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  • Improve ROI of your E-learning solution through Performance Support Tools May 28, 2015 Asha PandeyWhat are Performance Support Tools (PSTs)?

    Organisations worldwide face the dual challenge of enhancing performance and increasing productivity. Clearly, learning and performance gain are inter-linked. On account of this, L&D professionals are on the lookout for measures that can increase application of learning at work.

    Training has long been the traditional approach to improve performance.E-learning in particular has been extremely effective in providing this “anytime-anywhere” support to learners. However, formal training is often not enough to ensure that the acquired learning indeed gets applied at work.

    This is exactly where PSTs fit in. These are just-in-time learning aids that are available to learners within their workflow.

    How are PSTs different from trainings?

    As we know, trainings are designed after carrying out the Training Needs Analysis (TNA) and identifying a need or gap. They are structured to meet the defined objectives and provide people to pick up or master a specific knowledge and skill. Trainings can be rendered in a classroom or online. In contrast, PSTs are just-in-time learning aids that help people accomplish tasks so we are not looking at learning objectives but support to get the work done. Unlike trainings, they are not disruptive and are available to learners within their workflow.

    When exactly would the learners need Performance Support?

    Designed by Dr. Conrad Gottfredson, a leading expert on Performance Support, the Five Moments of Need© is a very effective framework that can be used to map varied learning and performance support needs in any organisation.

    According to him, learners seek support in “Five Moments of Need” as indicated here:

    • When they are learning an aspect for the first time
    • When they want to deep-dive and learn more
    • When they want to apply or remember something
    • When they need to solve a problem or fix something that has gone wrong
    • When something changes

    If you review this model “Five Moments of Need”, a couple of important aspects emerge. The first two moments focus on knowledge acquisition and hence map to formal training (classroom or online).  On the other hand, the next three moments focus more on Performance Support. They are aligned to help learners apply their knowledge within their workflow.

    So, an effective learning and performance strategy must factor for both measures that are necessary to acquire learning (through formal training) and more significantly, apply this learning (through Performance Support intervention).

    On account of this, an effective Performance Support Solution will have a direct bearing on the gains for business; thereby impacting the ROI on E-learning positively.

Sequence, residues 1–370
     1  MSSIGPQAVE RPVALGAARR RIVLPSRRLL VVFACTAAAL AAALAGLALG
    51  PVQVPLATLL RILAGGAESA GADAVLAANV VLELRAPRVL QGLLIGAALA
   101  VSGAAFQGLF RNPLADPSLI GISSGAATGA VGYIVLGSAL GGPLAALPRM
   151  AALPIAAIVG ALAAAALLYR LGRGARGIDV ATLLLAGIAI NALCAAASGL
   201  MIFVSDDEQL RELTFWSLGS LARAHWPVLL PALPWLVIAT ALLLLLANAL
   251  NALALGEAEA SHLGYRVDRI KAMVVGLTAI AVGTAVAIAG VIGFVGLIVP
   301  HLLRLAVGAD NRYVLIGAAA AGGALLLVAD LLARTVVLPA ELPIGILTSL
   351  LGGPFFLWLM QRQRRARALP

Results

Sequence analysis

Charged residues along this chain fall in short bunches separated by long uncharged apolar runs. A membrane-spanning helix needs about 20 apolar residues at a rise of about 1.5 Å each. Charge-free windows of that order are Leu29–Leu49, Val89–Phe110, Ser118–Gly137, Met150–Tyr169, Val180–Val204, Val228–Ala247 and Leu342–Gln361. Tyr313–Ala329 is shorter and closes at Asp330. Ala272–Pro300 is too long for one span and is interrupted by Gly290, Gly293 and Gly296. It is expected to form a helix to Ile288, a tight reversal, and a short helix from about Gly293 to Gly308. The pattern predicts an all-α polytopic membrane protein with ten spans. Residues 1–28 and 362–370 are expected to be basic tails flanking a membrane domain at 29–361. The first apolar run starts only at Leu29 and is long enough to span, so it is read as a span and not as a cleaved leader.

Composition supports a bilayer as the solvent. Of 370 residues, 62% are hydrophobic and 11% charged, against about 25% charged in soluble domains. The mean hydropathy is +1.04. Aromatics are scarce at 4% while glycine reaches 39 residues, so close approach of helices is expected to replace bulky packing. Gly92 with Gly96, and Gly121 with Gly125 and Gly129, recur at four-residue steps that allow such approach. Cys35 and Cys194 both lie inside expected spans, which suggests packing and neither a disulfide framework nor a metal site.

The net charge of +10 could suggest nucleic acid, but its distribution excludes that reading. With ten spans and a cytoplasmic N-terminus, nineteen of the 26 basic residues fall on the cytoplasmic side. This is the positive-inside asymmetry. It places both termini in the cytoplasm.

How do PSTs improve application of learning?

    Unlike formal training that tends to be disruptive (pulls the learner away from work), PSTs can be easily embedded in the learners’ workflow. The key is that they provide the right amount of support and guidance that the learners need at work (and within their workflow). These can be provided in varied, interesting formats ranging from Mobile Apps to eBooks, Interactive videos, eBooks or Interactive PDFs.

    The typical PSTs focus on checklists, ready reckoners, guidelines and so on and can be designed to complement or support formal training. They can also be provided as stand-alone learning aids focusing on performance enhancement. The key is that these aids are available to learners exactly “when and where they need” it.

    A case study

    Let us look at a case study that illustrates how a PST (as a checklist) that complemented an online course enhanced the application of learning.

    Audience: Instructional Designers

    Formal training: An online course on “Writing Effective Storyboards”

    PST: A “checklist” summarising the workflow to be followed and the key aspects to conform to during storyboarding available as avideo featuring Kinetic text/Text animation

    Outcomes of the online course

    The aim of the course is to ensure that the learners imbibe the basics of storyboarding and gain an insight about the key focus areas of a storyboard creation.

    The gaps (in application)

    When we rolled out these courses to our internal Instructional Design team, we found that the conformance to the prescribed workflow to develop storyboards was rather patchy. Since the team had individuals with varied backgrounds and with different proficiency levels, they tended to use individual approaches that they were most comfortable with. We needed to ascertain how we could instill the discipline of following the prescribed approach.

    How did we bridge the gap?

    We developed a PST (a micro learning object) that served as a “checklist” for the Instructional Designers. This just-in-time learning aid was designed as a video featuring Kinetic text/Text animation with audio that provided a precise and sharp input on the workflow to be followed.

    The impact